"How can this man give us his flesh to eat?"

We need to calm down and receive peacefully this body and blood of Christ into our own fleshly selves. That way we can allow our realest hunger and thirst at Sunday Mass—not instead of the other needs, but undergirding them.

Sunday Readings' Discussion Questions
Twentieth Sunday in Ordinary Time, Aug. 19, 2012 (20B)
From the
Center for Liturgy at Saint Louis University
Sunday Readings
Podcast of the Readings 
Video of Reflections on Readings
Lecturas y Comentarios 
New American Bible
Prayer of the Hours
BQ: Who can receive Communion?

Questions on Sunday's Readings for use by discussion groups,
prayer groups, or for individual prayer.

First Reading
Proverbs 9:1-6

1. What is the difference between knowledge and wisdom? Do you employ sensitivity and intuition along with knowledge when handling a difficult situation?

2. This reading talks about a meal that brings us to the fullness of life. Our food becomes part of us and helps us grow and repair our cells. What are the implications for wisdom and the Eucharist?

Responsorial Psalm
Psalm 34: 2-3, 4-5, 6-7

1. The Psalm reminds us of the power of the Eucharist. We must taste the goodness of the Lord if we want to be delivered from all our fears. Speak of how the Eucharist raises you up physically and spiritually.

2. Our psalmist encourages us to 'glorify the Lord' and to 'let our soul glory in the Lord.' Explain how your faith has enabled you to draw closer to God by being filled with the Spirit.

Second Reading
Ephesians 5:15-20

1. “Be filled with the Spirit, addressing one another in psalms and hymns and spiritual songs.” What are some ways you can show love in your daily life other than greeting your unsuspecting neighbors with songs?

2. The reading tells us to give thanks always and everywhere. If giving thanks for painful situations is too difficult, what might be some other ways to handle them?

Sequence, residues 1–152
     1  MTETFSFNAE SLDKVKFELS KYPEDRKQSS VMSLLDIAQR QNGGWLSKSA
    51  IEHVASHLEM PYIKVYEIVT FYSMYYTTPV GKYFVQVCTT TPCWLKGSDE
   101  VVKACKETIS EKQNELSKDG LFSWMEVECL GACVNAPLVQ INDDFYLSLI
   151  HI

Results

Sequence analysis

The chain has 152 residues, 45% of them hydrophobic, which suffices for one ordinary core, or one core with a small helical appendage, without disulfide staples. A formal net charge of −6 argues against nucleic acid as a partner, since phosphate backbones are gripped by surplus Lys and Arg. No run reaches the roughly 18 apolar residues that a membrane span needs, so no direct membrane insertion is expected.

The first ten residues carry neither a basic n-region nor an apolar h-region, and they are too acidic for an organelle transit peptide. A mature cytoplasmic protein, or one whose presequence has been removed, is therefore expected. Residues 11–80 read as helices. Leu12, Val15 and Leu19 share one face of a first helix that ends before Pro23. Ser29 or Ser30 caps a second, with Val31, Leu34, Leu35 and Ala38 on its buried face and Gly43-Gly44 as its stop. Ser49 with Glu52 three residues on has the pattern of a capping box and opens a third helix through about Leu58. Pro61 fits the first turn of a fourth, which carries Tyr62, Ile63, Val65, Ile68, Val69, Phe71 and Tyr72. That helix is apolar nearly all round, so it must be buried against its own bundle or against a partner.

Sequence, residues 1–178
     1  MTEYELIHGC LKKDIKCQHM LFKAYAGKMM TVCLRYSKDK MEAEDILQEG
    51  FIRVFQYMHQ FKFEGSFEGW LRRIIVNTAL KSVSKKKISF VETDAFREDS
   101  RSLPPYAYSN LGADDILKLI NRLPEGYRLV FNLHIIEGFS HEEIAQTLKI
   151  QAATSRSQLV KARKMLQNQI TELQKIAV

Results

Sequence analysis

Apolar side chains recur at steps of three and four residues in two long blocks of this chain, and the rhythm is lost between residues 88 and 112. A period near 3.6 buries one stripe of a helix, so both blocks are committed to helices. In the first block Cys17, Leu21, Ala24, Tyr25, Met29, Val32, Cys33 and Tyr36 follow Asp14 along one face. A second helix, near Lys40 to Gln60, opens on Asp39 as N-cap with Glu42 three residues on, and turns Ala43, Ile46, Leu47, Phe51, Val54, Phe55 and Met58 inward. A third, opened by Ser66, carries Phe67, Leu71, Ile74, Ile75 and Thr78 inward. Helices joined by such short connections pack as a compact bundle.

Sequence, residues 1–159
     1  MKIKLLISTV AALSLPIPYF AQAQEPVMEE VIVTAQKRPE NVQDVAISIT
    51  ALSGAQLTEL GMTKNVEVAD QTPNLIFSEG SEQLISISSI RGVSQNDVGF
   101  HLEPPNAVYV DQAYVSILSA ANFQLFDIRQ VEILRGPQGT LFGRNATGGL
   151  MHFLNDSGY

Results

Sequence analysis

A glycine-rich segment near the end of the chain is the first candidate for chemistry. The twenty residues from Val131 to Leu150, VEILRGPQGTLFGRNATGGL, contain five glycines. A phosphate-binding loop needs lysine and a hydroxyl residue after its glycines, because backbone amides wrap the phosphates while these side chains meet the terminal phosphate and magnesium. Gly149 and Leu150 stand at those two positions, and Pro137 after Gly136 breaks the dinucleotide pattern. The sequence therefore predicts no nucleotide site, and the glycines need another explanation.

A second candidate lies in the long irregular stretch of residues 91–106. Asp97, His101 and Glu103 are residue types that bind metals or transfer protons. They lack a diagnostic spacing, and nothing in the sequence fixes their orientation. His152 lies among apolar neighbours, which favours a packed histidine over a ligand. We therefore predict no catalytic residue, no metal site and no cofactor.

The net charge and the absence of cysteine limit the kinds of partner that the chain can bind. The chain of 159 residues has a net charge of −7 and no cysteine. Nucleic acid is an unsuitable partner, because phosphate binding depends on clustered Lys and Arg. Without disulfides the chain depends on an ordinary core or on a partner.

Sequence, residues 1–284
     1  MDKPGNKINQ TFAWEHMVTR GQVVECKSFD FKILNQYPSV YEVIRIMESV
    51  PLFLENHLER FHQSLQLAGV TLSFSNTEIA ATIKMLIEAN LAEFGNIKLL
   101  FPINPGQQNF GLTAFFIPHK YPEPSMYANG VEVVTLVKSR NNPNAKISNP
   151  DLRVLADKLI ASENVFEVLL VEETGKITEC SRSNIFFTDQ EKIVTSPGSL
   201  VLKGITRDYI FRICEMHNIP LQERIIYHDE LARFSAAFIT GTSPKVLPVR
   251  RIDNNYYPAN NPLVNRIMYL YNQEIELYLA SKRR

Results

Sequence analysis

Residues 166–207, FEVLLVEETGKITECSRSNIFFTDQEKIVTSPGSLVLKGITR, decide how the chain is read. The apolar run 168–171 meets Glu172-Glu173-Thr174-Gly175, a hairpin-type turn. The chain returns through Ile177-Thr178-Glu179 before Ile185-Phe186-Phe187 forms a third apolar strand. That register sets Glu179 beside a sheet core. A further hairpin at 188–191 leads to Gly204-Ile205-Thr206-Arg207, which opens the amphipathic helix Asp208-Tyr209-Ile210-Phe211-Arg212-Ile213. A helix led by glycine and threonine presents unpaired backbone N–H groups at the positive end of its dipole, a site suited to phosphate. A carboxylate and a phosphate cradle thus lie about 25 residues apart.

John 6:51-58

1. When people love each other they want to be together. Explain “Whoever eats my flesh remains in me and I in him.” in this light. Stating it many different ways, how many times did Jesus suggest that the crowd to do this in Sunday’s Gospel?

2. When we eat his body and drink his blood we all come together and remain in the same Jesus. Discuss this statement from the theologian, Catherine LaCugna, in God for Us:

“God lives as the mystery of love. Human beings are created in the image of this God. Therefore, a life of integrity is impossible unless we also enter into the dynamic of love and communion with others.”

Sunday Bible Study Group

Please share your thoughts on the Sunday Readings. May we be blessed by God's words as reflected in your thoughts and experience-sharing. 

1 comment:

  1. Barry Lamont10:34 PM

    “Taste and see the goodness of the Lord.”

    We visit this encouraging psalm
    again this Sunday perhaps because
    the Lord wants us to participate fully
    in the Eucharist and we need to
    hear it again. Why are the same verses
    repeated? Perhaps because they reinforce
    so well the powerful message of the Gospel,
    in which Jesus tells us that if we are
    to be raised up with Him, we must eat
    of His flesh and drink of His blood.
    Perhaps because we struggle with
    what Jesus says, as the Jews did at the time.
    We are told that even the disciples
    had difficulty accepting Jesus' words.

    The message is simple, as our psalmist
    reminds us – we must taste the goodness
    of the Lord if we are to truly allow our soul
    to glory in the Lord. Wisdom invites us too
    to obtain life by eating of her food in our 1st reading.
    And St. Paul (2nd reading) cautions us
    not to get drunk on wine, but be filled
    with the Spirit, addressing one another in psalms.

    We are to feed on Jesus if we are to have life;
    if we eat His flesh and drink His blood,
    we will live forever. It is His humanity
    that enables us to eat of His flesh and His blood.
    And it is by the grace of God that we are thus
    able to obtain a share in His divinity.
    This is far more that our ancestors' manna.
    This is truly the bread of life.

    By sharing in His body and blood,
    we glorify the Lord, and as our psalmist says,
    we become 'radiant with joy.'
    Our faces no longer blush with shame;
    we are a new creation. The Lord is among us.
    We remain in Him and He remains in us.